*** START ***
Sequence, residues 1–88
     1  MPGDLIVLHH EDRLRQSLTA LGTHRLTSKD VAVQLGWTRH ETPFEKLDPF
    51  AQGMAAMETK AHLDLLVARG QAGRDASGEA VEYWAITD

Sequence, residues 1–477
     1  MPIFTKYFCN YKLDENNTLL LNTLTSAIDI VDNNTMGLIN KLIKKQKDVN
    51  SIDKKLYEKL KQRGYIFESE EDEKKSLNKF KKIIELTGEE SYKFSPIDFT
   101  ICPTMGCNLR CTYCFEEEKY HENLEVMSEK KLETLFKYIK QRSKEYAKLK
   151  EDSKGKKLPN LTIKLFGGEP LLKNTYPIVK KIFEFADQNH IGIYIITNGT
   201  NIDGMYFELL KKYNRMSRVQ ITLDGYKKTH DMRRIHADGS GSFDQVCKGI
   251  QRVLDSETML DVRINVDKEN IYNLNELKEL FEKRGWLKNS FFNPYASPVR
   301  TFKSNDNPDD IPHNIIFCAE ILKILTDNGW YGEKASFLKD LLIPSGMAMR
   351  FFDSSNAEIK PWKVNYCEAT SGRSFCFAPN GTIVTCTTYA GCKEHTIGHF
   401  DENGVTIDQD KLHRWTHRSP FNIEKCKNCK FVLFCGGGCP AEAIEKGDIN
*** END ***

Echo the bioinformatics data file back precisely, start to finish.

Sequence, residues 1–88
     1  MPGDLIVLHH EDRLRQSLTA LGTHRLTSKD VAVQLGWTRH ETPFEKLDPF
    51  AQGMAAMETK AHLDLLVARG QAGRDASGEA VEYWAITD

Sequence, residues 1–477
     1  MPIFTKYFCN YKLDENNTLL LNTLTSAIDI VDNNTMGLIN KLIKKQKDVN
    51  SIDKKLYEKL KQRGYIFESE EDEKKSLNKF KKIIELTGEE SYKFSPIDFT
   101  ICPTMGCNLR CTYCFEEEKY HENLEVMSEK KLETLFKYIK QRSKEYAKLK
   151  EDSKGKKLPN LTIKLFGGEP LLKNTYPIVK KIFEFADQNH IGIYIITNGT
   201  NIDGMYFELL KKYNRMSRVQ ITLDGYKKTH DMRRIHADGS GSFDQVCKGI
   251  QRVLDSETML DVRINVDKEN IYNLNELKEL FEKRGWLKNS FFNPYASPVR
   301  TFKSNDNPDD IPHNIIFCAE ILKILTDNGW YGEKASFLKD LLIPSGMAMR
   351  FFDSSNAEIK PWKVNYCEAT SGRSFCFAPN GTIVTCTTYA GCKEHTIGHF
   401  DENGVTIDQD KLHRWTHRSP FNIEKCKNCK FVLFCGGGCP AEAIEKGDIN